Shark Week, Discovery Channel’s week-long programming devoted to those predatory marine beasts, has earned the accolade of being the longest-running cable event in history—one that is increasingly hyped in the media. But the sad truth is that Shark Week has turned into a monster.
What used to be a week filled with scientific documentaries about these prehistoric creatures, with minimal focus on universally-feared shark attacks, has now turned into an almost completely sensationalistic—and inaccurate—portrayal of the marine beasts. There are fake documentaries about fake sharks (like Megladon, Submarine and Voodoo Shark) and a steady drumbeat of segments on shark attacks (in which actual shark species at least make the cut) with survivors all retelling the same basic story ad nauseam—because there are only so many ways to convey the experience that “I was swimming, then a shark bit me, then I received medical attention.”
Recently, Shark Week has rounded out its focus on the lowest common denominator with a new mascot that consists of a douchebag dude dressed in a shark costume who interviews drunk bros about sharks (and about himself), and who contributes to perplexing comedy specials with a room full of shark-riffing B-list celebrities. I’ve got nothing against Chelsea Handler and Macklemore, but they don’t have much to bring to the table regarding shark edification.
It Gets Worse
Shark Week thus swings between two extremes: over-the-top depictions of Satanic sharks hell-bent on the destruction of mankind, and bro jokes with a cast of characters waaayyyy too cool to be unironically into sharks.
Left in the wake of this reality-TV fetishization is actual information about sharks—a fact which many shark researchers bemoan. In a bitter twist of fate, the shark-centered week of programming that used to emphasize the conservation of the creatures now inspires “shark-meat-eating frenzy” at various restaurants across the country.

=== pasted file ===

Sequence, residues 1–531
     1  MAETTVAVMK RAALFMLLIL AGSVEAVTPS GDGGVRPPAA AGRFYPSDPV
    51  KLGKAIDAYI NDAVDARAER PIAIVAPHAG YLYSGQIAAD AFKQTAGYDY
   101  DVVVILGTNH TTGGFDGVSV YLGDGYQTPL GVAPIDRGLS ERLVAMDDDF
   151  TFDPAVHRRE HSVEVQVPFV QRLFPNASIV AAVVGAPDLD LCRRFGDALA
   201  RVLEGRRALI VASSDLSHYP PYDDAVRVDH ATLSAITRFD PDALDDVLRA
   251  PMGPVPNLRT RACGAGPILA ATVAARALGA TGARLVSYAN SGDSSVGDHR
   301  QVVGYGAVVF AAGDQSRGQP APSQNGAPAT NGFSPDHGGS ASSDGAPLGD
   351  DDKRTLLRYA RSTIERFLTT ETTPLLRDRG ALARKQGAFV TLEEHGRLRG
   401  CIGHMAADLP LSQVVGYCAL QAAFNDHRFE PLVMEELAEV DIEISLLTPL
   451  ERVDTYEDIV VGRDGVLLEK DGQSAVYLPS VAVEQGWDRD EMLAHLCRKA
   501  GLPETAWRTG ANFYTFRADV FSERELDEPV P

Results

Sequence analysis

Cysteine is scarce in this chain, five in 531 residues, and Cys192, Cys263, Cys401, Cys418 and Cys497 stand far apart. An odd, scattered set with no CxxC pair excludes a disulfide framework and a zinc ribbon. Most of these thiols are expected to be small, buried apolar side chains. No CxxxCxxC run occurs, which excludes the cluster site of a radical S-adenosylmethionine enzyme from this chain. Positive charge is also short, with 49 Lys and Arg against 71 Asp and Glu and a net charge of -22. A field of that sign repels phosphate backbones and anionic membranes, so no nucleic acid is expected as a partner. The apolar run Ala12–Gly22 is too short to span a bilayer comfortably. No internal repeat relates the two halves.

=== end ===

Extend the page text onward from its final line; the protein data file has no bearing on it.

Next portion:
Moreover, it’s reported that actual shark authorities have been lied to by Shark Week producers to get them to appear in various specials under false pretenses. You know, pretenses that the researchers’ insights would be applied to actual sharks and their actual activities. Instead, they’ve been spliced into fake content about the mythic sharks of our dreams, which can give the maddening impression that these researchers give two thumbs up to faux-science and imaginary creature-hunting.
Shark Week Aspirations
I don’t want to be an old fogey here—I’m not saying Shark Week should bereft itself of any drama or exaggeration. Everyone likes a little frosting on top of their science consumption. But nor should it excise the science, for gosh sakes!
Sharks capture our imagination because they are real-ass animals that evolved hundreds of millions of years ago and still exist in the modern world. They tickle our fancy about the Earth’s primordial past, and fascinate with their continued ability to act as top dog of the ocean. They live in a cold, watery environment that’s difficult for us to comprehend, and they come from a totally different lineage than the mammalian predators we recognize on land.
Those are the realities I want to know more about. I’m sure Voodoo Shark would be crazy-badass if it existed. But it doesn’t. And it never did. And shark attacks reveal little about these creatures. And E!-like comedy hour doesn’t make sense on shark programming. And can Discovery please just go back to showing real facts about real sharks?
Believe it or not, some of us who tune in are actual science nerds. Why can't we have our hunger satiated, too?